Repair of Truncus Arteriosus with Interrupted Aortic Arch and Moderate to Severe Truncal Valve Regurgitation
This video presents the case of a six-day-old boy with truncus arteriosus, interrupted aortic arch, ventricular septal defect (VSD), patent ductus arteriosus (PDA), and patent foramen ovale (PFO). A preoperative echocardiogram showed moderate to severe truncal valve regurgitation and a large ventricular septal defect.
First, the truncal root was opened, and a complete transverse ascending aortotomy was completed. A quadricuspid valve was inspected, the raphe of the two small vestigial leaflets was taken down. The left coronary button was then harvested to allow for root reduction. Central approximation of the vestigial leaflets created a tricuspid valve and further reconstruction of the posterior sinus with the left coronary button reimplantation. Several figure-eight sutures were used to reduce the anterior truncal valve leaflet prolapse and an annuloplasty was performed with subannular sutures.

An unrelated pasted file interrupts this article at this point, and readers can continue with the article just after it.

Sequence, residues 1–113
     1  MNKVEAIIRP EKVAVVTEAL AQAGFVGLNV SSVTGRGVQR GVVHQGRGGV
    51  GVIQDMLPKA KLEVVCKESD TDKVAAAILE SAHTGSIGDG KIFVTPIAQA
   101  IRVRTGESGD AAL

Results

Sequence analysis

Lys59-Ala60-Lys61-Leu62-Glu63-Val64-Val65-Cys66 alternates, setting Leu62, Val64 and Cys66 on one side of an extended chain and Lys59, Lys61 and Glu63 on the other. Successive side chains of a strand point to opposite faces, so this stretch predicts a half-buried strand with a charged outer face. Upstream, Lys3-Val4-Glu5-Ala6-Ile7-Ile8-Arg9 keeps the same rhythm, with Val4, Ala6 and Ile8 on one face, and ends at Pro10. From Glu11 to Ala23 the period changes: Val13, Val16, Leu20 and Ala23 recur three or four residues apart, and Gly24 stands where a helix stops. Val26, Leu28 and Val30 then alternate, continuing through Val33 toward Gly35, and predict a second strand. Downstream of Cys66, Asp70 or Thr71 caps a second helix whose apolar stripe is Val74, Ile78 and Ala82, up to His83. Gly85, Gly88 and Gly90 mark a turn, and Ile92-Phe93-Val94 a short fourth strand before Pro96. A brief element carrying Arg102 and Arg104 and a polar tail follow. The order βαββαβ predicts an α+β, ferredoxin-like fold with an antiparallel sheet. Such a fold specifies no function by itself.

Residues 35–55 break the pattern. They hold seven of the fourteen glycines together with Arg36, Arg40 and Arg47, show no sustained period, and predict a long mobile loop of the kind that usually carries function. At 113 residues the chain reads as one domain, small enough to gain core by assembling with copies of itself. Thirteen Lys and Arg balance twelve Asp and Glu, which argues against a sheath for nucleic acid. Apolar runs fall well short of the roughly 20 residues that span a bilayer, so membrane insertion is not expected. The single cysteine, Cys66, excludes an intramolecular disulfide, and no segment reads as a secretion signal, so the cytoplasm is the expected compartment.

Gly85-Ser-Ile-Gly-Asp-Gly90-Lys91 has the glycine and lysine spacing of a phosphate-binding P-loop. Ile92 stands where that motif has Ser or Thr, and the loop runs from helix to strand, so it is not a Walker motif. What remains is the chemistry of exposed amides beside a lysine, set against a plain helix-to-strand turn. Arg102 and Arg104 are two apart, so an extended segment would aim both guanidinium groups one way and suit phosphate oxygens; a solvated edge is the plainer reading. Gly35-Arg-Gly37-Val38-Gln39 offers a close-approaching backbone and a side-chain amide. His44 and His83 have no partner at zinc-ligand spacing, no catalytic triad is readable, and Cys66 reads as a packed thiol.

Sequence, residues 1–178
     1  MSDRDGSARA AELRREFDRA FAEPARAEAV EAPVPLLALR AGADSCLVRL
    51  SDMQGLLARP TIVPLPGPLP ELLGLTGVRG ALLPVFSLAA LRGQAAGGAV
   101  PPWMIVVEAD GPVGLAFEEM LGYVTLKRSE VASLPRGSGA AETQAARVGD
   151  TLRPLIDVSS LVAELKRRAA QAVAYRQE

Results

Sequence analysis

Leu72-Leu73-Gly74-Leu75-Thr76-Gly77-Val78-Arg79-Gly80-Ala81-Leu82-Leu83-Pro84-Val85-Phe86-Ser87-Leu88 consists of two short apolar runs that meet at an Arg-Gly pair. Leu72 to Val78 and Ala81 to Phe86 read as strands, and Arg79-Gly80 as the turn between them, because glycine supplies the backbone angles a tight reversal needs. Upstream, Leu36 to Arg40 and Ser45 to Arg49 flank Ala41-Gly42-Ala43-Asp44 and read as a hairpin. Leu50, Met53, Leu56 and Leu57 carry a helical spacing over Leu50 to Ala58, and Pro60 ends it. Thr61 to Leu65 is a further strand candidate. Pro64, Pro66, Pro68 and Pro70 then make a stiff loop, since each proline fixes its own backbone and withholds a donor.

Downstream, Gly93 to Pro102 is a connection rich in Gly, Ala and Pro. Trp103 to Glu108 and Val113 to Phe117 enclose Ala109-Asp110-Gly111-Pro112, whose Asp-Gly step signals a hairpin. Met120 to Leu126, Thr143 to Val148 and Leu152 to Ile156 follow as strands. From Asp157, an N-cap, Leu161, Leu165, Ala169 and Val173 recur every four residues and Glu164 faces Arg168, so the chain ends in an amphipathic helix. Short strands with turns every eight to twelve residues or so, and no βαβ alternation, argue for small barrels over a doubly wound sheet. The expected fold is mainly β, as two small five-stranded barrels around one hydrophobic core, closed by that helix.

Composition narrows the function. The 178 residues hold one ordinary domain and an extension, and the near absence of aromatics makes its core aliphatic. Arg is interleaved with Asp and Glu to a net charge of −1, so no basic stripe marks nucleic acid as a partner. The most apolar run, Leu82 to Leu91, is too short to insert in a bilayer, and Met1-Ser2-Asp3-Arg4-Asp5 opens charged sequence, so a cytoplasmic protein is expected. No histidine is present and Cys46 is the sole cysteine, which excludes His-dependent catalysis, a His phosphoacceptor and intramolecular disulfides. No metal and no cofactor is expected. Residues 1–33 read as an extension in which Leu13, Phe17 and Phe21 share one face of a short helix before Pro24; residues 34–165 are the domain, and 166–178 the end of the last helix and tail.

Upon inspection, excellent coaptation with no prolapse was noticed. Closure of the VSD via ventriculotomy with an autologous pericardial patch was completed. The patient then went on regional bypass and a C-clamp was placed on the descending aorta, as well as Yasargil clamps on the left subclavian and carotid. The left subclavian and left carotid were then brought together. The ductus was resected, including a posterior shelf and two V-shaped incisions in the descending aorta. The near transverse arch was then taken down to the descending aorta. The arch reconstruction was completed with a pulmonary homograft patch and a running 7-0 Prolene suture.
The postoperative echocardiogram showed trivial truncal regurgitation with good ventricular function, good coronary flow, no significant tricuspid or mitral regurgitation, and no residual VSD or arch obstruction.
This case shows that complex truncal valve reconstruction and tricuspidization is possible in neonates and provides an excellent surgical option for this pathology.
Tips and pitfalls include not hesitating to remove the coronary button to allow optimal root reconstruction and considering bicuspidization versus tricuspidization based on geometry of leaflets.
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